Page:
Although I thoroughly enjoy my life and the privileges that come with age, I sometimes miss the optimism of youth.
Like most young people, I had great plans for my future. I was convinced that as soon I was on my own, I was going to do all those things my parents either never allowed or never considered important.
Growing up, we always had dogs, but they had limited rights and never had full run of the house.
I wanted more for my dogs.
What I never considered was how the needs of human children might fit into the equation, which is why I had a near panic attack a few months before my son Shepherd was born.
A co-worker, who was also pregnant, announced that she and her husband were giving away their Dalmatian before their baby arrived.
“Dogs and babies just don’t mix,” she said.
I went home that night and told my husband that we couldn’t keep our baby.
He didn’t seem too concerned about my proclamation. Instead he just asked why.
“Because apparently dogs and babies don’t mix,” I said. “And I’m not getting rid of Gabby and Gusty.”
“Why don’t we see if there actually a problem before we start worrying about a solution,” he said rationally.
There was no issue.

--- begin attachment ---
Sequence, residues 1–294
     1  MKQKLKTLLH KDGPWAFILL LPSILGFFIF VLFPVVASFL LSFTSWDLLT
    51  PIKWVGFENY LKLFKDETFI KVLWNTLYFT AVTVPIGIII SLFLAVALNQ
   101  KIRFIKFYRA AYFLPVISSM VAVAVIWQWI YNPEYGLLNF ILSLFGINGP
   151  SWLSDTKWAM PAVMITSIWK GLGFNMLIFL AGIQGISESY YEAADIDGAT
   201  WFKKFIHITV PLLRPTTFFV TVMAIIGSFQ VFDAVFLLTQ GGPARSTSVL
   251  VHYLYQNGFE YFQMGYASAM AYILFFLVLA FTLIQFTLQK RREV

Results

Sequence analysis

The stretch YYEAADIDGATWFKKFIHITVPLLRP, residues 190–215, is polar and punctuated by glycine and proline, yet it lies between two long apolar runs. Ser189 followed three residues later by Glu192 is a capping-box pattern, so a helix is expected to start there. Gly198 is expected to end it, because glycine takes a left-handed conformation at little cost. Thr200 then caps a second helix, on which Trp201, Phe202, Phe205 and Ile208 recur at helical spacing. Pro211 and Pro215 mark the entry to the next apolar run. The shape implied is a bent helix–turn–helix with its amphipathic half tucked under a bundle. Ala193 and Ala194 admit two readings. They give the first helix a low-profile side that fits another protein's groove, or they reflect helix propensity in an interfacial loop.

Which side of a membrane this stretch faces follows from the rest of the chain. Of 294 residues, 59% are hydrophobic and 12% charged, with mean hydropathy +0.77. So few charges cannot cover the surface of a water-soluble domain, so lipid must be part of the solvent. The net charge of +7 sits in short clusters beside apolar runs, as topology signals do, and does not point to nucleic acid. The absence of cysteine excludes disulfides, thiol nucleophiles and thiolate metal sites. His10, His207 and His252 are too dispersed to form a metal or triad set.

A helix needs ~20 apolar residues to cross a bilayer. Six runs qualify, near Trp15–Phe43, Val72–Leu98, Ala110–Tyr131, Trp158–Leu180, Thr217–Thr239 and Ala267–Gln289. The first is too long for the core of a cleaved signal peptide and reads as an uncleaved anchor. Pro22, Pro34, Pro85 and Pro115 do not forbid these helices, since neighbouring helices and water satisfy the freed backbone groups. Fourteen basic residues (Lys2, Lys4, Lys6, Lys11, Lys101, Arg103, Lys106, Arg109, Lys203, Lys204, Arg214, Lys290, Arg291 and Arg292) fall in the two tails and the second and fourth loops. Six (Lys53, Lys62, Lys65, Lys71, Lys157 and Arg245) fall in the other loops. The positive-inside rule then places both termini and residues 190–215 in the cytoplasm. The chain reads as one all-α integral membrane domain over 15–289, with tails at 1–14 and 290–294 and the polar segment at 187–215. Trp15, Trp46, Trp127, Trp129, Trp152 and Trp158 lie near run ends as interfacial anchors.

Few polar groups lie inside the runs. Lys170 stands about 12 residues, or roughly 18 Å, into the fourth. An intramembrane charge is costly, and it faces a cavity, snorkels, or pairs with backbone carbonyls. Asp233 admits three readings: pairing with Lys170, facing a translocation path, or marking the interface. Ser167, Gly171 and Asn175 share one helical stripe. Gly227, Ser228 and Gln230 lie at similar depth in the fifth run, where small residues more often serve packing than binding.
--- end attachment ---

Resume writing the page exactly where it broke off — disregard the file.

We brought our son home, the dogs sniffed him and accepted him into the pack.
And more importantly, my son, and later my daughter, accepted and loved Gabby, Gusty and all of our pets since.
But after torn curtains, worn-out carpet and damaged furniture, I’ve come to appreciate why my parents gave their human children more privileges than their canine ones.
I’ve also come to understand that no matter what the circumstances, children will always think they have a better plan than their parents did.
For example, we now have a large German Shepherd named Rodney who is a giant klutz. The other day he was racing around the basement chasing tennis balls and banging into doors, walls and furniture.
My son, who was sitting at his computer, looked up and said, “Can’t you limit where that dog goes? There’s no safe place in this house. When I get a dog, it’s not going to be allowed to go wherever it wants.”
We shall see.